Pacific Pests, Pathogens and Weeds - Online edition

Pacific Pests, Pathogens, Weeds & Pesticides

Coconut sexava treehopper (246)

Click/tap on images to enlarge
  • Narrow distribution. Indonesia, Oceania. On coconut, nipa, oil palm and sago; other plants attacked are banana, Heliconia, Pandanus, Ravenala (traveller's palm), and sugarcane. Occasionally, severe outbreaks occur.
  • Eggs, mostly in soil; nymphs green or brown, adults 50-60 mm, antennae longer than body; either short or long wings; female with long ovipositor; flight poor; disperse by running or jumping.
  • Outbreaks occur after droughts. The treehoppers feed at night, eating flowers, fruits, and leaves to the midrib.
  • Natural enemies: parasitoid wasps are known.
  • Cultural control: sticky bands or rake soil to expose eggs, but neither method seems practical.
  • Chemical control: none recommended.

Common Name

Coconut treehopper, long-horned grasshopper. They are also known as katydids or bush crickets.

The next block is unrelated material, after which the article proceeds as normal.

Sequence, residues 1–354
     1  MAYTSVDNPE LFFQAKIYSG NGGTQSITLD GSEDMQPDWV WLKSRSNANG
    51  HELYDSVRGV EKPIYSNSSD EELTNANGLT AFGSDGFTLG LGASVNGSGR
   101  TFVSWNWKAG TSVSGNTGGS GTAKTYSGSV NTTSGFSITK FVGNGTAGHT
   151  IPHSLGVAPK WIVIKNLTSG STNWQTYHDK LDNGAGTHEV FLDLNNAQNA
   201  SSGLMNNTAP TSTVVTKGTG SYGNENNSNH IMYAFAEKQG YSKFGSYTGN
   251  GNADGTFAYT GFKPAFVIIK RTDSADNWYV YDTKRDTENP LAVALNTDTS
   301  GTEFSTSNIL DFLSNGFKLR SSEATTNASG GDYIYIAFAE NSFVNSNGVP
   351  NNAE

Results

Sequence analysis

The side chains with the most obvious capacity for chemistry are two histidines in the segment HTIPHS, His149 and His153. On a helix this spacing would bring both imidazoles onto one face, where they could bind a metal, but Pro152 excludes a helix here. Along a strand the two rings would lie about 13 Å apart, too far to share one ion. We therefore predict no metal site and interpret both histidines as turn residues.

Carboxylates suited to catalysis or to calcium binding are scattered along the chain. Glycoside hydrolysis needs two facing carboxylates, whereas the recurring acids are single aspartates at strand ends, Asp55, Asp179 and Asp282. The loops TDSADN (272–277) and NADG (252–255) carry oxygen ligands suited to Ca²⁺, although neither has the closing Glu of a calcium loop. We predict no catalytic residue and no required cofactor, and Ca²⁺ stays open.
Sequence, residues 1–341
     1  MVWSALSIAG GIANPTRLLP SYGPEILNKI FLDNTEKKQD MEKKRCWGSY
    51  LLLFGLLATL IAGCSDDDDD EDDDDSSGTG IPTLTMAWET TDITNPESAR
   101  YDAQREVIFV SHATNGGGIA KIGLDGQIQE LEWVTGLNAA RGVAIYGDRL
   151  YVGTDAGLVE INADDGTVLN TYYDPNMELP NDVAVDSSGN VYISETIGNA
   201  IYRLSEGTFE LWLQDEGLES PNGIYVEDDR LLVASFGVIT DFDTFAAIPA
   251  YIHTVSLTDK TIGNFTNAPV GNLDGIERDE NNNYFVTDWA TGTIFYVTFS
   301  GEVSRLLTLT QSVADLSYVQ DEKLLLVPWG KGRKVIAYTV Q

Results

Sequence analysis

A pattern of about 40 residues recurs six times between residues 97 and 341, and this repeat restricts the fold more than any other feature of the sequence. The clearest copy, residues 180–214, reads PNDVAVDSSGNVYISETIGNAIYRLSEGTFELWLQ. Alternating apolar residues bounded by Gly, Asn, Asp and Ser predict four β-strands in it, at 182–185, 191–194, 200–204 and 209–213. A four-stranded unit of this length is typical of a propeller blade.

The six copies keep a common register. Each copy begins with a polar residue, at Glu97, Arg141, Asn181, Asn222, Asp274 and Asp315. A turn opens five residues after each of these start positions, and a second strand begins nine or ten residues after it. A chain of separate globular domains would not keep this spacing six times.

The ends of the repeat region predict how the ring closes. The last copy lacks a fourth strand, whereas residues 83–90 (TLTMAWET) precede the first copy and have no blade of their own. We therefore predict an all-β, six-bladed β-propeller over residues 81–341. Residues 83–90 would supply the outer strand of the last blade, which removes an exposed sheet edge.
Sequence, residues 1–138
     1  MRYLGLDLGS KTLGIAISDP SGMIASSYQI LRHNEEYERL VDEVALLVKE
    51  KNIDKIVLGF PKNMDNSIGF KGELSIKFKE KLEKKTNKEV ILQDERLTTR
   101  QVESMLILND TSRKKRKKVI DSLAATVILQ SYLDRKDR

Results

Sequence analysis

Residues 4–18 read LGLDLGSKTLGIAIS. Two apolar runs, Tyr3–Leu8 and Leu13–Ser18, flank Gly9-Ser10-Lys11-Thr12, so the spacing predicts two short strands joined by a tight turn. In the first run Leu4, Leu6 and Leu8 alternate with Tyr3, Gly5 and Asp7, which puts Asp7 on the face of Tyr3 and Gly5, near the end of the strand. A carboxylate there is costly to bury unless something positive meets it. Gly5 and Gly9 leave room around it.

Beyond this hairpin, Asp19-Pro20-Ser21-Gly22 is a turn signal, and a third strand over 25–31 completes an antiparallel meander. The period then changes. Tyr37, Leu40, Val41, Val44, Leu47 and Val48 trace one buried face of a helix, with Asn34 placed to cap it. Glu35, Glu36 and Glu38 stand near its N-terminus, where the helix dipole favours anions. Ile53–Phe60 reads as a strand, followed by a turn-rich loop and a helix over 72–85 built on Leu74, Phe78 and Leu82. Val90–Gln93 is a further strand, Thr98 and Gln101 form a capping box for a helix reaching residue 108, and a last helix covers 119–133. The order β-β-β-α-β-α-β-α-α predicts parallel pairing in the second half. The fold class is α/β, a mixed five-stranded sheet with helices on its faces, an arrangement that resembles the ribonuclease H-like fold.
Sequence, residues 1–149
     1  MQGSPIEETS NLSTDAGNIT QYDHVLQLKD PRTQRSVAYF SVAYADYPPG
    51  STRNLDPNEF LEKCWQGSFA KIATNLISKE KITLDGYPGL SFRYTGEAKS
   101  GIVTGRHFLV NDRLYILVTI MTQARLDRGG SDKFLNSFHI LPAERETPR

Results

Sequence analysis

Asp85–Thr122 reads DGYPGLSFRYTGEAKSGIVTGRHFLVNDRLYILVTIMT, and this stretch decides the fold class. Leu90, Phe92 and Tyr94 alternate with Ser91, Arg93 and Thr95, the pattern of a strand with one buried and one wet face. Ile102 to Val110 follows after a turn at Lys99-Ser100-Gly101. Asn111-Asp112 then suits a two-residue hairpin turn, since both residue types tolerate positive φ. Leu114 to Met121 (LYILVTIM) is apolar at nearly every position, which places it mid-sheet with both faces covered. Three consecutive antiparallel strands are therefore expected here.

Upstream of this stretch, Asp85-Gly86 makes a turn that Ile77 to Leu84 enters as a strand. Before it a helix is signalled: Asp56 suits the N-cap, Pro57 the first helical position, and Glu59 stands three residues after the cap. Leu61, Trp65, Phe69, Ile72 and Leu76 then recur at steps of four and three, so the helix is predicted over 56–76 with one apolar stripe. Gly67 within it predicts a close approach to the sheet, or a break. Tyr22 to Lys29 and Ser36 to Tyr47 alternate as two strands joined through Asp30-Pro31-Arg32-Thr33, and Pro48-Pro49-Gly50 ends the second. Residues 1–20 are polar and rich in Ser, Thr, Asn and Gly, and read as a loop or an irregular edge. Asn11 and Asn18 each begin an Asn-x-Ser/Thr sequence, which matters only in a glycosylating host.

Scientific Name

Sexava is the name given to a number of species of long-horned grasshoppers belonging to several genera: Segestes, Segestidea and Sexava. Those recorded in Papua New Guinea on coconuts are: Sexava nubila, Segestes decoratus, Segestidia leefmansi, Segestidia rufipalpis, Segestidia uniformis, Segestidia defoliara, Segestidia novaeguineae), and oil palm: Segestes decoratus, Segestidia defoliaria, Segestidea novaeguineae. Sexava species are recorded from Solomon Islands.

AUTHOR Grahame Jackson
Information from Young GR (2001) A review of sexava research and control methods in Papua New Guinea. In: Proceedings of the sixth workshop for the tropical agricultural entomologists. Technical Bulletin No. 288, 1998. Darwin. Photos 1-7 Richard Markham, ACIAR, Canberra.

Produced with support from the Australian Centre for International Agricultural Research under project PC/2010/090: Strengthening integrated crop management research in the Pacific Islands in support of sustainable intensification of high-value crop production, implemented by the University of Queensland and the Secretariat of the Pacific Community.

Copyright © 2022. All rights reserved.